6. Are there exceptions to this advice (that you, the author, should wait for your publisher to register the copyright on your book in your name)? Sure.
a. if your book is Print on Demand or an e-book, and if you paid to publish it, you’ll need to register copyright yourself. One of the things that distinguishes a “real” publisher from a vanity press or author mill (like PublishAmerica) is that the author must register his or her own copyright, as opposed to the publisher handling this.
b. these days the copyright laws regarding short stories are a bit muddy, and have come under some question, especially as regards anthologies and magazines. SO…if you write short stories, it’s not a bad idea to grab a handful of them, and register the copyright on them yourself. You can send in five or ten at a time, for the same fee.
c. if you are an aspiring author and extremely paranoid that someone will steal your book and attempt to publish it, sure, go ahead and register your copyright yourself. That way, if your worst fears are realized, you’ll be able to sue for big bucks in damages. HOWEVER, if you do this, for goodness sakes keep the fact that you’ve done it to yourself. DO NOT put a line in your query letter or cover letter to the effect that: “Oh, and by the way, this book is copyrighted, so don’t even think of stealing it, because I’ll sue you.”
Hey, I know you’re rolling your eyes, but I assure you that agents and editors get letters with warnings like these all the time. And those letters earn their author a quick trip on the Round File Express to Dumpsterland.
7. Are there any times when an author’s name will NOT appear on the copyright page?
Yes. When an author does what is called “tie-in” or “franchise” writing, in a universe established by another creator, the work will be copyrighted to the original creator of the universe, or the corporation that owns the license, rather than to the person that actually wrote the book. For example, if you look at the copyright page of any of my Star Wars novels, you’ll see that the work is copyrighted “Lucasfilm” rather than “A.C. Crispin.”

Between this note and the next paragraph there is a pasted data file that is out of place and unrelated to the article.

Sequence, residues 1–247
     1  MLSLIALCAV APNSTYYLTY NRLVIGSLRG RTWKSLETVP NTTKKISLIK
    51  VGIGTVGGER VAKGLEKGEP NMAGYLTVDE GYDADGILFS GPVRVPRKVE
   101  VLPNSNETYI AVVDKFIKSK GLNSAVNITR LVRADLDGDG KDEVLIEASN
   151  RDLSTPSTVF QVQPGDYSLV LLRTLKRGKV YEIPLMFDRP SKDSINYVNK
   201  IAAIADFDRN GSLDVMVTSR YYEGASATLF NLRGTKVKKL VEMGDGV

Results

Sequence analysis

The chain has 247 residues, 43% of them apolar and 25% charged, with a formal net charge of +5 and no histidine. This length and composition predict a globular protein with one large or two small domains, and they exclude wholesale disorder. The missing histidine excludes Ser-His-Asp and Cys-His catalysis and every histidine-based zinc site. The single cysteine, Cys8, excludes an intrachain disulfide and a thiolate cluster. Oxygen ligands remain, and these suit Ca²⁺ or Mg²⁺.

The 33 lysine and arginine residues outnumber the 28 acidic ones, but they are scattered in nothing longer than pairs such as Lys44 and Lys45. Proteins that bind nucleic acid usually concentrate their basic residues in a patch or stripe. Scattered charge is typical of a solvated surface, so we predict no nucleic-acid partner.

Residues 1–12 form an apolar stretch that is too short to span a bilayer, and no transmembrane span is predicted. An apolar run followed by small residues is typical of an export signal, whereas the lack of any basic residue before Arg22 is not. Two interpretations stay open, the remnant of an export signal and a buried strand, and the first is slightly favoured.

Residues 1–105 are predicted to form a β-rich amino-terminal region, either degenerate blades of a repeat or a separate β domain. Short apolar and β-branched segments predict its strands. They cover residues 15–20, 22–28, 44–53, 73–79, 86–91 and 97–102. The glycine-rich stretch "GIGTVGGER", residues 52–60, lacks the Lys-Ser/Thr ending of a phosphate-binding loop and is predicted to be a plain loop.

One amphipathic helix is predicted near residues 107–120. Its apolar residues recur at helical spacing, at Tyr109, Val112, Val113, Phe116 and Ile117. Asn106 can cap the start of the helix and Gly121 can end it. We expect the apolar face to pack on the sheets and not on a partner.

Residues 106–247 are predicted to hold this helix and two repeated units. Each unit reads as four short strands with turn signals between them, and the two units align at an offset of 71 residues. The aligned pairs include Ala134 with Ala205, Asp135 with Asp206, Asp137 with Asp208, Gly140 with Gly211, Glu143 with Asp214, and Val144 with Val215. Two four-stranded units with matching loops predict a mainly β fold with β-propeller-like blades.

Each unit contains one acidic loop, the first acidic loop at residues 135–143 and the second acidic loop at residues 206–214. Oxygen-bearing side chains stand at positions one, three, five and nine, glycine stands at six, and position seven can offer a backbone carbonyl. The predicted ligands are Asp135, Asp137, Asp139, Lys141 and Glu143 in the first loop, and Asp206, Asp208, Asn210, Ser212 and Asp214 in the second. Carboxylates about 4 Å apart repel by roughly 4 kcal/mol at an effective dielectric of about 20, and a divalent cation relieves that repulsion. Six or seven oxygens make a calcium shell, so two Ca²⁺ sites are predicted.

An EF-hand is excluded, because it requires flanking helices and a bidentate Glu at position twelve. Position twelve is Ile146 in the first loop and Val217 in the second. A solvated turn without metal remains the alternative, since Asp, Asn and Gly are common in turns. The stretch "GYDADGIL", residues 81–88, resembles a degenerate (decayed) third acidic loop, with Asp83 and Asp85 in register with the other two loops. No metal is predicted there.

But this is not something you need to worry too much about, since franchise universes don’t deal with authors unless they have recognized literary agents and a good track record of sales.
The ONLY exception to the above is the horrendous demand made by a few lunatic fringe scam publishers that the author should sign over his or her copyright to the publisher. This is such an outrageous demand that even Writer Beware has only found one scam publisher that currently does this — Royal Fireworks. Obviously, they are a major AVOID.
9. With the above in mind, it should be easy to remember that when you, the author, sell a book, what you’re selling is the RIGHT TO PUBLISH, not the copyright. Remember this, and remember it well: copyright and publishing rights are NOT the same thing.
10. If you feel the need to protect yourself against plagiarism (though to be brutally frank, unpublished manuscripts are fairly worthless to anyone but their authors), spend the money and register your copyright with the US Copyright Office. Don’t fall for the advice of clueless writers on the internet, or even some so-called “publishers” (PublishAmerica springs to mind, cause they do this) and decide to use the “poor man’s copyright.” Sending your manuscript to yourself in a sealed envelope is not the same thing as actually registering your copyright. It’s worthless, and won’t hold up in court as proof of authorship.
(Thanks for reminding me of this one, btw…I almost forgot to mention it!)
Anyhow, hope that little primer is helpful.
-Ann C. Crispin